If only SP were for a grade (I'm in med school)....
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Postby MoapaPk » Thu Apr 01, 2010 2:08 am

Well, as someone with a significant brain injury, I'd say: boo-hoo!

Ha ha! No, really; I've had friends with similar problems. They were told to flex their hands while moving; one guy even carried a rock in each hand and periodically squeezed each rock to ensure circulation. (I'm serious.)

But go with the rectal probe just to be safe; maybe a coffee latte enema.
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Postby Bob Burd » Thu Apr 01, 2010 2:47 am

catullus wrote:If only SP were for a grade (I'm in med school)....


Those Stanford guys are smart. Geniuses. Good climbers, too. How many university presidents have a cool peak named after them?

Image
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Postby catullus » Thu Apr 01, 2010 3:03 am

whoa... mount jordan is named after david starr jordan? cool bit of history
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Postby Bob Burd » Thu Apr 01, 2010 5:31 am

catullus wrote:whoa... mount jordan is named after david starr jordan? cool bit of history


Hmmm. Good medical students. Lousy historians. :D

"Named in 1925 by the Sierra Club in honor of the educator and scientist David Starr Jordan (1851-1931), president and chancellor of Stanford University. Jordan himself had proposed the name Crag Reflection [Lake Reflection is on the peak's north side] for a part of the peak."
- Erwin Gudde, California Place Names

Nearby Mt. Stanford had been named in 1896 by Bolton C Brown.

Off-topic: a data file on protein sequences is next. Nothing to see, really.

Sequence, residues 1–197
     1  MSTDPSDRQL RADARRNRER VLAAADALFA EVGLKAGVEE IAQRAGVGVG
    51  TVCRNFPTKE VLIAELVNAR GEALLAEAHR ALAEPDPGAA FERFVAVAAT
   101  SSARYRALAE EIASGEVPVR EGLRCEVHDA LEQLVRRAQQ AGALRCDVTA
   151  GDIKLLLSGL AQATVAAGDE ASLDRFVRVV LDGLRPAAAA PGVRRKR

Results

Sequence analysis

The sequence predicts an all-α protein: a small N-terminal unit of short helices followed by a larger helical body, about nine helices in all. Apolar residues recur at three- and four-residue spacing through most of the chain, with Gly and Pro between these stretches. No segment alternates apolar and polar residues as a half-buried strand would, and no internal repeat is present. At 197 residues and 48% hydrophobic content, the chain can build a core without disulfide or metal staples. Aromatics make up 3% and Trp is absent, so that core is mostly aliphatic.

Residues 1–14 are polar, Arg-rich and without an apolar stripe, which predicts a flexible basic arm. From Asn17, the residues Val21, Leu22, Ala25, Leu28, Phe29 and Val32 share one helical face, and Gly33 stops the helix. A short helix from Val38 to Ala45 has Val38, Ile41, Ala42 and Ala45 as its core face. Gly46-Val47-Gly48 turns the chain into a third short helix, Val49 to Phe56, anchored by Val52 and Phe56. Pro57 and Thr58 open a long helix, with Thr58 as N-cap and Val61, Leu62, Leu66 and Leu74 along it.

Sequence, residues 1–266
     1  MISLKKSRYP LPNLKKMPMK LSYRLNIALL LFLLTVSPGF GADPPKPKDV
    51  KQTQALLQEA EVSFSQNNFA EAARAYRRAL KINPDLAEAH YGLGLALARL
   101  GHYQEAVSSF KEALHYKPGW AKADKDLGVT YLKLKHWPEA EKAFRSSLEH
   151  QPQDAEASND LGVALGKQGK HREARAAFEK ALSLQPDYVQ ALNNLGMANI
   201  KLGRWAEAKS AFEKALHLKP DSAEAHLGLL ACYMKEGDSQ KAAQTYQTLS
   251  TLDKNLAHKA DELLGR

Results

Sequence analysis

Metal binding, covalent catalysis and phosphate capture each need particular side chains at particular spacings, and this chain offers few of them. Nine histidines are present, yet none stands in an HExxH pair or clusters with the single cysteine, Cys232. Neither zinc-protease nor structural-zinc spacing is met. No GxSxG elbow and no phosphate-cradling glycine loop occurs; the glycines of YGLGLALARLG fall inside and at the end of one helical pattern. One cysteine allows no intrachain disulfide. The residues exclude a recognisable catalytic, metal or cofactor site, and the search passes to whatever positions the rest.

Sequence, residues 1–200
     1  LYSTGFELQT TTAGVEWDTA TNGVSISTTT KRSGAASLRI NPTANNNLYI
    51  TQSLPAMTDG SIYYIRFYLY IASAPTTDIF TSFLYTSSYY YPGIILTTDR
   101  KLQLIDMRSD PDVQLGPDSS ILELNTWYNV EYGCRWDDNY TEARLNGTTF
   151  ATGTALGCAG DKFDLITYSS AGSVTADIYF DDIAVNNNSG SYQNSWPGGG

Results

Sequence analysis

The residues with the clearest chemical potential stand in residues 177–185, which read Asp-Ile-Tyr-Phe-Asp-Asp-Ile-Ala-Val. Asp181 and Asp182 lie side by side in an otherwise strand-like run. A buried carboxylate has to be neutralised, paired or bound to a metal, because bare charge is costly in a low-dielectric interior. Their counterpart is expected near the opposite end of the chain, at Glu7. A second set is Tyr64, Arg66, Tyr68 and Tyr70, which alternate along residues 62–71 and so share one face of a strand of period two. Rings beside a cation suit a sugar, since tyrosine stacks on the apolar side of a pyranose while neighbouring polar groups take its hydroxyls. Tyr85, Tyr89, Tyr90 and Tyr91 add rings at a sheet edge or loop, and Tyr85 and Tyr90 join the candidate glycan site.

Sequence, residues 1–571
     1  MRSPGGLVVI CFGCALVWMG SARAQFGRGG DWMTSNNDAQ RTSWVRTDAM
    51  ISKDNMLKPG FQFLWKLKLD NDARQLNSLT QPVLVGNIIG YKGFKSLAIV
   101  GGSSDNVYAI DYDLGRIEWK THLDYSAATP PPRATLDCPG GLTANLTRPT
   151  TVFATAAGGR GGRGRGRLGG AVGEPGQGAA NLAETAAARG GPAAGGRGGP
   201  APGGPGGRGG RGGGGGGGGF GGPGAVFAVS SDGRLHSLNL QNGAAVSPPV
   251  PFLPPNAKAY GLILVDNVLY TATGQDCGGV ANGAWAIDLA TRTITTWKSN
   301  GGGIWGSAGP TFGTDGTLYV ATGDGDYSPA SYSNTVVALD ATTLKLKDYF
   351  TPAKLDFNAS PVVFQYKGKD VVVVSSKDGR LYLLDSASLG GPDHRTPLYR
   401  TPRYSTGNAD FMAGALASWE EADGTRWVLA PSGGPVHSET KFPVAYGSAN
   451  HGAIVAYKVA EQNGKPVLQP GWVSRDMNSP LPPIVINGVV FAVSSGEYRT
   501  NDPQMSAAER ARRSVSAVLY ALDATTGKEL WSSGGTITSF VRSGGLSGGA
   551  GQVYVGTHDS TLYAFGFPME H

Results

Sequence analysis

"Not many college presidents have stood on the summit of a high mountain named for their institution. On August 16, 1899, President David Starr Jordan, of Stanford University, did exactly that. 'I have never seen a more magnificent mountain panorama!' he exclaimed. Dr. Jordan was well qualified to speak of mountain panoramas; some years before he had climbed the Matterhorn in Switzerland. The Stanford party, which included Mrs. Jordan and several of the University's professors, spent many pleasant days at the head of Bubb's Creek, where Dr. Jordan gave names to a number of features, including 'Ouzel Basin,' suggested by Muir's description in The Mountains of California."
- Francis Farquhar, History of the Sierra Nevada
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Postby catullus » Thu Apr 01, 2010 6:01 am

more stanford climbing history:

http://www-sul.stanford.edu/depts/ssrg/misc/sac.htm

p.s. to clarify, was stanford undergrad, now med student at CU, just hadn't updated my location till now =)
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Postby MoapaPk » Thu Apr 01, 2010 9:24 am

Seriously, there used to be a condition called "rucksack palsy," and one symptom was numbness in the hands. The straps on the pack interfere with the nerves and blood vessels in the shoulders. http://www.drdchiropractic.com/files/BA ... SAFETY.pdf

Usual diagnostic is a rectal probe.